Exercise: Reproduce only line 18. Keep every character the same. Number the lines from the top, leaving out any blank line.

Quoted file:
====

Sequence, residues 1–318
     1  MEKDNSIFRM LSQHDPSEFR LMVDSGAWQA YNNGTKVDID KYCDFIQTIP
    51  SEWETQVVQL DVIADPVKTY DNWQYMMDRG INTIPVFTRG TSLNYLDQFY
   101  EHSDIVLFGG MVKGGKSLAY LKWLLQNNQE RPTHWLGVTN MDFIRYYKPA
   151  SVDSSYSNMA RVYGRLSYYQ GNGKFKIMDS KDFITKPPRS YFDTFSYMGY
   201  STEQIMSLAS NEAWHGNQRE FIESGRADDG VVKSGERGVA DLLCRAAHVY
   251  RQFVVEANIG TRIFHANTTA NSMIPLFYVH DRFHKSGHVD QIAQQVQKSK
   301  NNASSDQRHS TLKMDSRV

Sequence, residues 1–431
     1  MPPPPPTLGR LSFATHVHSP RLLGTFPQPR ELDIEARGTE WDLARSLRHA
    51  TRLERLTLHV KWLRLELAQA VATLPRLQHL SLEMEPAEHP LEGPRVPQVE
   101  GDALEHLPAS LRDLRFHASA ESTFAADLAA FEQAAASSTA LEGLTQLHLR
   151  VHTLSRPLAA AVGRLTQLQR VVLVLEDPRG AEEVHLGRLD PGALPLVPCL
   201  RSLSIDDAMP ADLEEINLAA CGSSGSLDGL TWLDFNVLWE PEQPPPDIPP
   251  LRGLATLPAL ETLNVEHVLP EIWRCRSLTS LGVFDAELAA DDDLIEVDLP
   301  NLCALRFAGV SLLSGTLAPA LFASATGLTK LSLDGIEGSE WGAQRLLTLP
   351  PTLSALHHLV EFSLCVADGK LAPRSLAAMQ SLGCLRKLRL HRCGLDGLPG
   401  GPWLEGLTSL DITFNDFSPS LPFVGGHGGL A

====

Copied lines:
   401  GPWLEGLTSL DITFNDFSPS LPFVGGHGGL A